Edinburgh is one of our favourite cities, alongside London and Paris, both of which have been covered in this series of 'Secret' guides by the French publisher, JonGlez. (Read our review of the excellent Secret Paris guide.)
Scotland's capital is full of history and mystery, and is the setting for many a good creepy read, such as The Strange Case of Dr. Jekyll and Mr. Hyde by Robert Louis Stevenson or any of Ian Rankin's Inspector Rebus crime novels. This Secret Edinburgh guide uncovers a few creepy places too, as well as lesser-known museums, statues, gardens and other delights.
Hannah Robinson was born in Edinburgh and is a film director and screenwriter as well as an author. She has also worked as a food journalist and been a designer for the Edinburgh International Film Festival. Secret Edinburgh is her first book.
This Edinburgh guide divides the city into six areas: Old Town, New Town, the North and Leith, South, West and East. At the start of each section a locator map shows you where you'll find these secret Edinburgh spots that the author has unearthed. Most entries then get a two-page spread with a full-page write-up alongside a full-page colour photo. It means the entries are pretty detailed, along with all the practical information you need, including prices and opening hours, and which bus routes they're on.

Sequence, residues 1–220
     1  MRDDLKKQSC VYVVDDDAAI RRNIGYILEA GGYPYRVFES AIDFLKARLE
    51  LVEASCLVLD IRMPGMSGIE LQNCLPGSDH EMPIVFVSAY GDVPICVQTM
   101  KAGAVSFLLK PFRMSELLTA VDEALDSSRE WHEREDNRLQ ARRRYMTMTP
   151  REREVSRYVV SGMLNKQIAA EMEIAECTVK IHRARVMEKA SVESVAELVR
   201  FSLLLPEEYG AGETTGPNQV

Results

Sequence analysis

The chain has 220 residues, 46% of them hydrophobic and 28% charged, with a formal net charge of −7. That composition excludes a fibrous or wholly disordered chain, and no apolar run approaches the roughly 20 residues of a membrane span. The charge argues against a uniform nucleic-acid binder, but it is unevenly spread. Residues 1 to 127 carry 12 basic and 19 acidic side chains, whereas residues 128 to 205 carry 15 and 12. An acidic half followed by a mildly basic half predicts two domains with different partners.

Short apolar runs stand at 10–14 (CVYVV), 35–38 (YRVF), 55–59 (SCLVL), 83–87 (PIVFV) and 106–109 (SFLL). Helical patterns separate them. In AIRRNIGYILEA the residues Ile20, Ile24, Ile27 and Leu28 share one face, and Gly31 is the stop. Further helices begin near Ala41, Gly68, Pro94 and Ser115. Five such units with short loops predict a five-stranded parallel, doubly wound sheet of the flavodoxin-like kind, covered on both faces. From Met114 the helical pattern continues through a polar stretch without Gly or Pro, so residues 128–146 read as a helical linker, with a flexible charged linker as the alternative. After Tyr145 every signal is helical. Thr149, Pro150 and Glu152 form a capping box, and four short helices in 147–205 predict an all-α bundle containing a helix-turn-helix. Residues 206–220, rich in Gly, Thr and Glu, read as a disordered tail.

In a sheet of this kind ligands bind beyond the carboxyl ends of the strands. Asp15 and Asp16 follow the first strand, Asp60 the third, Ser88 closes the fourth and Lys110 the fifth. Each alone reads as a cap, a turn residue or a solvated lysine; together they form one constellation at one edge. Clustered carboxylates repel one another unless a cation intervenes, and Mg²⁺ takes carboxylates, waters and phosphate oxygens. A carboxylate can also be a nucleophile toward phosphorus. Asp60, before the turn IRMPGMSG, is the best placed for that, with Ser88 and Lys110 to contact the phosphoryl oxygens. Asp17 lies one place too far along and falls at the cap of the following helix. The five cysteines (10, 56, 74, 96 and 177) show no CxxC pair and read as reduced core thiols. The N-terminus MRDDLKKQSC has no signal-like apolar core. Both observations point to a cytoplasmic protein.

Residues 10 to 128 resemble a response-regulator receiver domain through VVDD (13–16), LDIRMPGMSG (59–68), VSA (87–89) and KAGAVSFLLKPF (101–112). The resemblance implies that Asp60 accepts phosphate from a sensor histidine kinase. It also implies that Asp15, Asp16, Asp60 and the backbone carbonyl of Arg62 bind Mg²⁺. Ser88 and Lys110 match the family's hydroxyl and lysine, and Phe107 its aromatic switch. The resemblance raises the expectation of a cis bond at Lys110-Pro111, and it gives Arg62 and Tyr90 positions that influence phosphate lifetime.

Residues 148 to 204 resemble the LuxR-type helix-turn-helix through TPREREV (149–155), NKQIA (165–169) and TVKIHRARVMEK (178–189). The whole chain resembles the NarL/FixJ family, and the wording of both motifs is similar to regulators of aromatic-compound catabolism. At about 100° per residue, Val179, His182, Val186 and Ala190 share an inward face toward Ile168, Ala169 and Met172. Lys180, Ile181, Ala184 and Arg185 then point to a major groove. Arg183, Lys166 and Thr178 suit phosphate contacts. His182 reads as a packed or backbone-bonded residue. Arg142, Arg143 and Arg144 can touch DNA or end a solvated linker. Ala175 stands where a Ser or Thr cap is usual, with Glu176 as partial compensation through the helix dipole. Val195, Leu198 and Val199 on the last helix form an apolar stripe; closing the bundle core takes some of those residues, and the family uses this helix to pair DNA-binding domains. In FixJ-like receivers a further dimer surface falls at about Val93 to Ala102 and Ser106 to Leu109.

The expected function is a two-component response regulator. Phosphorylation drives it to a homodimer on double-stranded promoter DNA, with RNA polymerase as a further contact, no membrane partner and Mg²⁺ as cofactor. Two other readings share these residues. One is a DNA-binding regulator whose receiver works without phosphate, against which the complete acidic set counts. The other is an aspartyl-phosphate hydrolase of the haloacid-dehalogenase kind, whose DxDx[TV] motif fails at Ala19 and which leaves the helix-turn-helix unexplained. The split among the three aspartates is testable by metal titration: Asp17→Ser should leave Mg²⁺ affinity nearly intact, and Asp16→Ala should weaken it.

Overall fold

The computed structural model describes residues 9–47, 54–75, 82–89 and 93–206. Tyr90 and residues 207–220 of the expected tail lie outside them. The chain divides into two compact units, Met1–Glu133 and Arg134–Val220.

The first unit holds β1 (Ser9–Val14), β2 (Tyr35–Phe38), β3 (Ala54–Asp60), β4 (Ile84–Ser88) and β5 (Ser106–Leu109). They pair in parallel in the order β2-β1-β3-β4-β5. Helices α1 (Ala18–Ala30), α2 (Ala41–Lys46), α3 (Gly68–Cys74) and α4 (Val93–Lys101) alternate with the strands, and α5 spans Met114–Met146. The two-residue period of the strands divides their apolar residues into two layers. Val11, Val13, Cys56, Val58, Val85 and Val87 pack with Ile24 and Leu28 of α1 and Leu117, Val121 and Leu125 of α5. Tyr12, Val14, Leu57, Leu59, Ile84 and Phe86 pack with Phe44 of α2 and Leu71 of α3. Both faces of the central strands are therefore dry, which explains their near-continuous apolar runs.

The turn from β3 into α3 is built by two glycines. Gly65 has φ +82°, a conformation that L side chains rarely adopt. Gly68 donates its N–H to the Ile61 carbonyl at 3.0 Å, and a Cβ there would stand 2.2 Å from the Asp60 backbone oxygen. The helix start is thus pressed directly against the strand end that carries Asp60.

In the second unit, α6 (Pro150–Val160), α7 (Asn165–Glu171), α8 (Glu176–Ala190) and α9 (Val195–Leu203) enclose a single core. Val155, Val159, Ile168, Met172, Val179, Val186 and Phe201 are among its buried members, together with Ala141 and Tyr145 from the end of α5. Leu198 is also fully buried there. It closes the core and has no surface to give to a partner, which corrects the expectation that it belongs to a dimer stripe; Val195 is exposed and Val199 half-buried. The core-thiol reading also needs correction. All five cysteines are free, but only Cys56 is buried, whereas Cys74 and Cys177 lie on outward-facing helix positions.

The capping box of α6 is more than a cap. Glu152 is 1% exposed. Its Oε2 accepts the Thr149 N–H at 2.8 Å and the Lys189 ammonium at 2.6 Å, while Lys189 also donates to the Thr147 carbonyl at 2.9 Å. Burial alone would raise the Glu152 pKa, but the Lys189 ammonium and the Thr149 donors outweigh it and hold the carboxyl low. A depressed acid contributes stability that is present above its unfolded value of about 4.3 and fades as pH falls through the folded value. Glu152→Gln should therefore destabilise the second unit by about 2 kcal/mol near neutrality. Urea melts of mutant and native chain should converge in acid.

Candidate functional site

At the back of the book is an alphabetical index of entries but not the usual thematic index that you get in most other Secret guides. The index does give you an idea of the type of places featured: the Anatomical Museum, the Covenanters' Prison, Delivery Hatches, Ghost Trees of Lochend Park, Jonah and the Whale Mural... and on it goes right through to Witches' Memorials. Hmmm.
Those Witches' Memorials show you why you'll find things in Secret Edinburgh that you won't find in many other guidebooks. They're in the back garden of the Gothenburg pub and micro-brewery in Prestonpans, and the memorial is an installation that commemorates the eighty women and one man who were executed for alleged witchcraft in Prestonpans.
Another delight is the Secret Herb Garden, which the author points out is just a stone's throw away from the IKEA warehouse. There are 'saggy old armchairs' in the greenhouse, bee observatories, and a beetle filled with herbs... a Volkswagen beetle, that is. It sounds totally delightful, and much more interesting than IKEA. In fact the whole book is a delight, and makes a great armchair read even if you never go to Edinburgh... but it will probably make you want to.
We've yet to be disappointed by any of the JonGlez Secret guides, and we guarantee that even if you think you know Edinburgh well, you'll learn something new – and fascinating – from Secret Edinburgh.
This Secret Edinburgh guidebook is available at Amazon UK, Amazon USA, and other Amazon stores worldwide.
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